Thursday, October 27, 2016

Cycling Europe 2016 : Amsterdam Cycling To The Windmills

You are at - Jotaro's Blog / AhPek Biker -Europe 2016 / Cycling Europe / Cycling Netherlands / Amsterdam Cycling To The Windmills
                                                       AhPek Biker - Riding Adventures                                                    
Amsterdam Cycling To The Windmills
Amsterdam, Netherlands : 16th September 2016
Cycling Distance: 24.94 km.     |     Level: Easy
Time : 11:15 am - 3:05 pm
Time Taken : 3hrs. 50 mins. (including stops at the windmill, cheese farm, & various points of interest, photo-ops, regrouping & rest)

Route Recommendations :
1. Ride Conditions
    - Amsterdam's traffic is left-hand drive. For those coming from right-hand drive countries always do remember to ride on the right-hand side... i.e. Right is right! Same thing applies when crossing the rode, take note that traffic is approaching from left! Sounds confusing, it actually isn't, just take while to get use to it.
    - The route is fairly flat, and riding in summer is great as there is no need for thick clothing. The morning was quite cold and I used my raincoat as a windbreaker.
    - Cycling lanes in the city is busy with many cyclists, do give way and cycle on the right.
    - Also look out for the sharp arrows (like shark's teeth); if these are pointing at you at lanes intersection, yield to cyclists riding on the other perpendicular lane.
    - Observation: that bicycles are locked with thick chains and big locks.
    - Observation as a pedestrian: cyclist often don't give way to pedestrians at zebra crossings, so do watch out for them.
2. Points of Interest:
    - Windmill De Zwaan (GPS: 52.30336, 4.90478).
    - Rembrandt Hoeve Cheese Farm (GPS: 52.31912, 4.9061), get cheese here at cheaper farm prices. Tip: the savings from the cheaper cheese more than covered the cycling tour cost.
    - the recti-linear canals within the city.
    - Amstel River with boats, ducks and other birds.
    - the farms in the countryside with cows and horse grazing.
    - Windmill Gooyer (GPS: 52.36679, 4.92615), an octagonal windmill with the Brouwerij 't IJ beer house next to it.
3. This is a guided cycling tour with the Mike's Bike Tours Amsterdam - Countryside Bike Tour. The charge for this tour is 28€, payable on booking or at the start of the tour.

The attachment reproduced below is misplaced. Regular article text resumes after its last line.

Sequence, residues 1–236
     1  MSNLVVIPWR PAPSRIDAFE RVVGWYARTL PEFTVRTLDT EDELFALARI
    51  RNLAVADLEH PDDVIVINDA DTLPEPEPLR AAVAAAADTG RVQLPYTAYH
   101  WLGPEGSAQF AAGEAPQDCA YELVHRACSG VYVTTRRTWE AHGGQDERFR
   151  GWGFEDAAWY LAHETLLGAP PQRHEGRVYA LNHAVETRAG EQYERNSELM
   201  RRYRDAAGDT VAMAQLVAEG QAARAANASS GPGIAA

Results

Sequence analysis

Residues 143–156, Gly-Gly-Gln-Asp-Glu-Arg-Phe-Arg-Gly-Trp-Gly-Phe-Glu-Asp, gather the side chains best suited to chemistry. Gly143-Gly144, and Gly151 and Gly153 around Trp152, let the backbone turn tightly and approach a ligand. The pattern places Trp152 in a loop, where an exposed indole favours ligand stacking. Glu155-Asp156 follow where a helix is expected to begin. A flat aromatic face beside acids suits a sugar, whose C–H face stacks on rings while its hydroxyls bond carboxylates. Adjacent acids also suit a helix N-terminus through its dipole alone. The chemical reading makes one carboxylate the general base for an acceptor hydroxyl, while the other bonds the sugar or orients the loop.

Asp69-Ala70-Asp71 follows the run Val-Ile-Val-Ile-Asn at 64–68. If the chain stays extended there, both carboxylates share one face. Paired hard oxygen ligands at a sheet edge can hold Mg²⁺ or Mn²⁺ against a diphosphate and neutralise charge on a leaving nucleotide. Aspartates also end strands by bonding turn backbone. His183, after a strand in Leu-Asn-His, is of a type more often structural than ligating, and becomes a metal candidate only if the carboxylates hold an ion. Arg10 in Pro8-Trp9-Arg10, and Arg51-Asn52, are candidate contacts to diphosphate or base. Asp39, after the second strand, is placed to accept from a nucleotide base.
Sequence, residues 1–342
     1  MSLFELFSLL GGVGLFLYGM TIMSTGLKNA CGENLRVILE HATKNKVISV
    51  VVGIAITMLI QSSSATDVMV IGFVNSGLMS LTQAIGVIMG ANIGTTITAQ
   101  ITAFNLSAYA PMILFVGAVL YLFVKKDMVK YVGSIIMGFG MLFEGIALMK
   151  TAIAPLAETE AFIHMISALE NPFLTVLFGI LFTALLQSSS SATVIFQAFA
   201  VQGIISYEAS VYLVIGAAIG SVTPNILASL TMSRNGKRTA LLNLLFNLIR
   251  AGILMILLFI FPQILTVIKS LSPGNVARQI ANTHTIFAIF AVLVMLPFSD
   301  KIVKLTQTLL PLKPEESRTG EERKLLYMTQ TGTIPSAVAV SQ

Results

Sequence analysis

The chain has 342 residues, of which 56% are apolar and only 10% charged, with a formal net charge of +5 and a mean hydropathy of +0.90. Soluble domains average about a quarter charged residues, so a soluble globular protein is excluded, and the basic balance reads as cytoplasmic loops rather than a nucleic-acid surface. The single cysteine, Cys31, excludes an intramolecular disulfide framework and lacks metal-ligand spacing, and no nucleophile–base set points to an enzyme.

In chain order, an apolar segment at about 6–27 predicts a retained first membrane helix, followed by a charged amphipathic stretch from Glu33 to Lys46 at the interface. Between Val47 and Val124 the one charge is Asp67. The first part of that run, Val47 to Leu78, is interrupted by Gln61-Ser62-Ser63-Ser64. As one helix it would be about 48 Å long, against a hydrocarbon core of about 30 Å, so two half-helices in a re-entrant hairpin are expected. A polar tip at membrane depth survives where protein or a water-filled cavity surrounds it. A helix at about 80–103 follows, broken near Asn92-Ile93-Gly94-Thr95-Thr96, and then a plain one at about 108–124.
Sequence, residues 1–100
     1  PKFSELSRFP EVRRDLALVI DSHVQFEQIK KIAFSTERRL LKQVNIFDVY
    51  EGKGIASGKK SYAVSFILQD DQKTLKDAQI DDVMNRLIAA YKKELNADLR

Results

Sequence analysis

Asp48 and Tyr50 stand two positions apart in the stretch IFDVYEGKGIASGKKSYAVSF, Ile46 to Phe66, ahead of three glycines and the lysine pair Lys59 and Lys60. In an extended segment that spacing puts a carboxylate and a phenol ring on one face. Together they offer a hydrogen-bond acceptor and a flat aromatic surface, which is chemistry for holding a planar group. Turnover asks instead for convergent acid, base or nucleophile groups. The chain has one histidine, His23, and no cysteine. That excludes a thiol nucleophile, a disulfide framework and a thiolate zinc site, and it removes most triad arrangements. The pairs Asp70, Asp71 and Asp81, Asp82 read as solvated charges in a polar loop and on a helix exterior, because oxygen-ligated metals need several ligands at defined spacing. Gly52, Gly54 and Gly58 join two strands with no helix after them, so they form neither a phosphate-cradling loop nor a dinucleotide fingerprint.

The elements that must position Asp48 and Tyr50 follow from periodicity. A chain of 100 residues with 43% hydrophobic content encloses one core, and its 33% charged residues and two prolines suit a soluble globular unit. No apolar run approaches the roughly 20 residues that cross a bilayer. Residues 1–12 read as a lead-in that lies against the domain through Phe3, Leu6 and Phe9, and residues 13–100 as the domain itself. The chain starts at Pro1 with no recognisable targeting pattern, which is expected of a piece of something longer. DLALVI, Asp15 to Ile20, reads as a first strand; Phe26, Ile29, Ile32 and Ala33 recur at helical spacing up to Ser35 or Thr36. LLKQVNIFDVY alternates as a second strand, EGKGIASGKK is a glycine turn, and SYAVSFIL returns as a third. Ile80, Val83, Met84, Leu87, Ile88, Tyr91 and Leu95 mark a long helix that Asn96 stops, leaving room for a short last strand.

Whenever I am on holidays with non-cycling friends, I try to take some time off from them to do some cycling. This time round we were touring Western Europe, and I managed to squeeze time for some of-the-beaten-track cycling in London and also cycling along the Seine in Paris. Now we are in Amsterdam, and my cycling legs are getting itchy again ... much more itchier as Amsterdam, with its extensive cycling infrastructure, is touted as the cycling capital of the world. I just have to cycle here.
But with just little time to spare, I decided it was better to follow a cycling tour. My search sent me to Mike's Bike Tour, and wanting to see some of Holland's famed windmills, I opted for their Countryside Tour.
To the Windmills then!


The route starts from the Amsterdam city centre and heads out to the Amstel riverside. Along the way are stops to view farmlands, scenic river views; visits to a windmill and a cheese farm.

11:15am - We rolled off and rode along the cycling lanes and quieter streets of Amsterdam's city centre; people were on bicycles everywhere, it seems to be the norm. Because of this, nearer the commercial centres, we had to ride single file on the right side to allow other cycling commuters in a hurry to overtake us.

We rode outward and across several drawbridges that spanned over the famed canals of the city. Every now and then these will open to allow taller boats to cross. Unfortunately, we did not pass any bridges that were drawn opened.

The cycling lanes in the city is superb and other than riding single file at busy areas, we learnt to identify these sharp pointy arrows that looked like shark's teeth. At junctions where cycling lanes criss-crossed, if the teeth are pointed you then you have to yield to cyclists coming from the perpendicular direction.

Cycling in the city with so many cyclists around was not much fun, it was like driving a car with lots of cars around.
But surprise... surprise! Within half an hour we were cycling along the lush greenery of the Amstel riverside. Amsterdam got its name from this river and was called Amsteldam which later was changed to Amsterdam. The river was very clean and the tracks here were tarred and smooth to ride on.

But today's weather was cloudy and cold; with a strong breeze blowing it soon became to chilly for me. Fortunately, I had brought a light raincoat along and used this as a windbreaker, convenient yah?

Along the river, at this area it was not as busy as withing the city centre. Every now and then we passed boats moored at the riverside.

And there were many animals around too, ducks swimming and ducks resting with their heads tucked in, keeping themselves warm against the cold breeze.

There were goats too, sitting idly.